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What I learned this week: Focus on what's in my control

Sara Lingafelter
Sara Lingafelter
3 min read

This is going to have to be uber snappy… I’d scheduled my blog posts for Mondays and Thursdays because those are my telework days, so I can spend the time I’d ordinarily spend commuting writing two days a week… but for the time being, due to changes at work, my telework schedule has been reduced (or suspended, still waiting to clarify that).  I guess you could say that’s a step in the wrong direction, but that’s life, and it’s a reminder to me to focus on the things that are within my control, and try not to get spun up about the things that aren’t.

This weekend involved a complicated plan to pack up the car, rent nordic gear, head for the hills, sleep out under the stars, and then take a nordic ski class on Sunday.  We got as far as the bags sitting by the backdoor, ready to be loaded outside and into the car, before realizing that we were pushing it too hard for the weekend.  What we both needed was rest, and some time to pay attention to some life logistics that get missed when you’re running at full speed from adventure to adventure.  So, instead of our original plans, the bags stayed where they were until we unpacked Sunday night, and the weekend was spent at home.  We worked on a puzzle, we cooked a turkey breast and made stock and then soup from scratch with the bones.  I had brunch with my girlfriends (plus a newborn — talk about a marvel, to watch my friend hold and console her baby, while eating a salad, and catching up on the details of our lives — I was struck that I have it quite easy, in terms of balance, in some ways).  We read and researched and wrote to catch up with friends and family.  We took care of some of what needed taking care of, and rested.  And I don’t regret it one iota.  Next weekend will likely be similar, and I am good with that.

It also meant that Friday night I could sit down and work on my annual vision board project.  Make fun of my woo woo all you like, but I did this exercise last year and felt it yield fruit, so I’m back at it again this year.  It’s incomplete, but thanks to a pair of scissors and magazines including Yoga, Poets & Writers, Whole Living, Fast Company, and more, I now have a reminder to check in with periodically through the year to remember that (crap, I don’t have citations – please forgive me… these are words from other writers I clipped from the various magazines):

“Love doesn’t just sit there, like a stone, it has to be made, like bread; remade all the time, made new.”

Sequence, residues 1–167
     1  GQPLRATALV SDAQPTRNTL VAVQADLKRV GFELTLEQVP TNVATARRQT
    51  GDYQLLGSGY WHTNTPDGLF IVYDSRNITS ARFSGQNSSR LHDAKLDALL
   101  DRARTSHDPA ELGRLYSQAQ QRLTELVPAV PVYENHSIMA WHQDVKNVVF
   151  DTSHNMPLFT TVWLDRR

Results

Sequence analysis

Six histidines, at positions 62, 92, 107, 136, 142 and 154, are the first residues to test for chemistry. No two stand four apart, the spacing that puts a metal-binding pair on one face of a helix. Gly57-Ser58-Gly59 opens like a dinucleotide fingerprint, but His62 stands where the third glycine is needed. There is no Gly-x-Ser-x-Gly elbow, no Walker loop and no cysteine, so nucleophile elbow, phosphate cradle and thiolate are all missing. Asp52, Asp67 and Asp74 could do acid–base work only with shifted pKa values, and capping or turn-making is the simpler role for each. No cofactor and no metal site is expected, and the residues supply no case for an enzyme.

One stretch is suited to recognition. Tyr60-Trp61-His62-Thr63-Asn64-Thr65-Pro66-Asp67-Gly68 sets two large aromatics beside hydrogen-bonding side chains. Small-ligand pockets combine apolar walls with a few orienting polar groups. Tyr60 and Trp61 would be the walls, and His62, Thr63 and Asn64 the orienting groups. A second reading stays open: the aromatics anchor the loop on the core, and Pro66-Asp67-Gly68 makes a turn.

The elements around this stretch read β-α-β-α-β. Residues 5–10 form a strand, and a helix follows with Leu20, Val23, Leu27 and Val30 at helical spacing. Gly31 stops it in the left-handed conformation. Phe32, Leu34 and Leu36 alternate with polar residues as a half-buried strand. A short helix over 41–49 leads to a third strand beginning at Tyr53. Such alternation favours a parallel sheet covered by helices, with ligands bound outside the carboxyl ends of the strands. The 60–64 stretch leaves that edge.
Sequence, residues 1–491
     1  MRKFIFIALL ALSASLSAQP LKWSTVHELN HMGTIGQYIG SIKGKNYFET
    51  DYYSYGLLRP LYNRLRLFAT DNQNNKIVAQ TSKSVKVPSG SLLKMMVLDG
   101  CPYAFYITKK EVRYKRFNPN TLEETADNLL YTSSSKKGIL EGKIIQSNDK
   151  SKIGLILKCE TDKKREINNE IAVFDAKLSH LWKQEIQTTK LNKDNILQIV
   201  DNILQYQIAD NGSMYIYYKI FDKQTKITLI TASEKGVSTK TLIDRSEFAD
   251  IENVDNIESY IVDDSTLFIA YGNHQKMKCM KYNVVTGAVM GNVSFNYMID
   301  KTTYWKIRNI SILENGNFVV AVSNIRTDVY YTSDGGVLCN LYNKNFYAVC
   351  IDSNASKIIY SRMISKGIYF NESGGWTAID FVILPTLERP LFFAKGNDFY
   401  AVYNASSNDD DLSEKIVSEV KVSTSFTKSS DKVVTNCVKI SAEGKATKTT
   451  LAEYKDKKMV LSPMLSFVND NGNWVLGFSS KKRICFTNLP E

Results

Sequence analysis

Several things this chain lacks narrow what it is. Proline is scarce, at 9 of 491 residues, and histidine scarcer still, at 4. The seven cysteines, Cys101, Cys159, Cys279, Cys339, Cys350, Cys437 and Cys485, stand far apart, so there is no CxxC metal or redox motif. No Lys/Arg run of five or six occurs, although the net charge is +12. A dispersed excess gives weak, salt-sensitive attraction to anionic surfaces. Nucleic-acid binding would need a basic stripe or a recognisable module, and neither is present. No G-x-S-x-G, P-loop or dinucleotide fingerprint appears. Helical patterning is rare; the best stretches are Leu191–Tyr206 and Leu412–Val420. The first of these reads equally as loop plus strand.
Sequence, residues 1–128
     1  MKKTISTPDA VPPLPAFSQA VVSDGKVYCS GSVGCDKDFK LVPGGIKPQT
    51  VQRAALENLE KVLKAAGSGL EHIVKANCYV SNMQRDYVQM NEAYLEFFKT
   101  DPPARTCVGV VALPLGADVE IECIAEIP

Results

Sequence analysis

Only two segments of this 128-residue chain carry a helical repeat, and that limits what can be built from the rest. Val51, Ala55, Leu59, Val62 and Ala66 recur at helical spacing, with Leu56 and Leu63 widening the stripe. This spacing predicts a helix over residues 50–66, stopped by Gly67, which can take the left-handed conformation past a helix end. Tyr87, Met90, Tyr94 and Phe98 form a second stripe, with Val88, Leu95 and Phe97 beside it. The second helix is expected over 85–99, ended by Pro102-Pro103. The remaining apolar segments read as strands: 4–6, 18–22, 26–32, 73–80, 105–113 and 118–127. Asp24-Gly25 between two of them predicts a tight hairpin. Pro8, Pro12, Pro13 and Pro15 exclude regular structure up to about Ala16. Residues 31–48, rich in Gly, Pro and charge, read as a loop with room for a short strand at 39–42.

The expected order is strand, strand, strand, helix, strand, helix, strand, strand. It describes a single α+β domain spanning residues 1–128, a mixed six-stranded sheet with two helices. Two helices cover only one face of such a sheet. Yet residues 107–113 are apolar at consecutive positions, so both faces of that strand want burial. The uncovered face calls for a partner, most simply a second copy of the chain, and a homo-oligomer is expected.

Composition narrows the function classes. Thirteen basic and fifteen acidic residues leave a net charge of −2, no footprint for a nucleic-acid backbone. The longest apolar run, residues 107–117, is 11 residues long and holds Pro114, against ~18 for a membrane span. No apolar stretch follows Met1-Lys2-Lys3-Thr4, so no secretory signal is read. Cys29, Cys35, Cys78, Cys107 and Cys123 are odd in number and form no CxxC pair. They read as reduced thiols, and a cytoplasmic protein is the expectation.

“Modern business is pure chaos.  But those who adapt will succeed.”

“Make your whole life as you as it can be.”

After I’d cut out oodles of teeny pieces of paper, I arranged them into the themes that had apparently resonated with me, when I went to town with the scissors.  Themes like “Beginning / Starting,” personal evolution / improvements / changes, and professional evolution / improvements / changes dominated.  The middle two, I would have predicted; the first came as a surprise, but I think it’s just about the realization that things change.  I’m learning the same thing through my meditation practice.  My first day meditating this year was in a class, and the meditation practice involves a simple chant.  Sa – Ta – Na – Ma.  Repeated through the course of the meditation.  Afterward, she explained the meaning of each of the sounds:

  • SA is the beginning, infinity, the totality of everything that ever was, is or will be.
  • TA is life, existence and creativity that manifests from infinity.
  • NA is death, change and the transformation of consciousness.
  • MA is the […] joy of the infinite.

I thought back about my meditation, and realized that “NA” was the sound I’d hesitated on or missed the most of any.  I’ve thought about that as I’ve continued my practice — that I, apparently, have some getting used to the idea that change involves a phase of “destruction” and a phase of “transformation.”  I like the transformation part, it’s just the “destruction” part I have a hard time getting comfortable with.  So in little ways, I’ve invited my discomfort with “destruction” over for tea in the last week — especially, for example, engaging in necessary conflicts instead of bottling them up and trying to ignore them.

And now I’m one minute past the time I must leave for my commute to the office, so it’s an awkward stop right there.  Where has your focus been this week?  What are you learning in your own efforts to right-size your life?

Sara Lingafelter

Sara (Grace) Lingafelter takes steps forward and backward toward a right-sized life on a daily basis.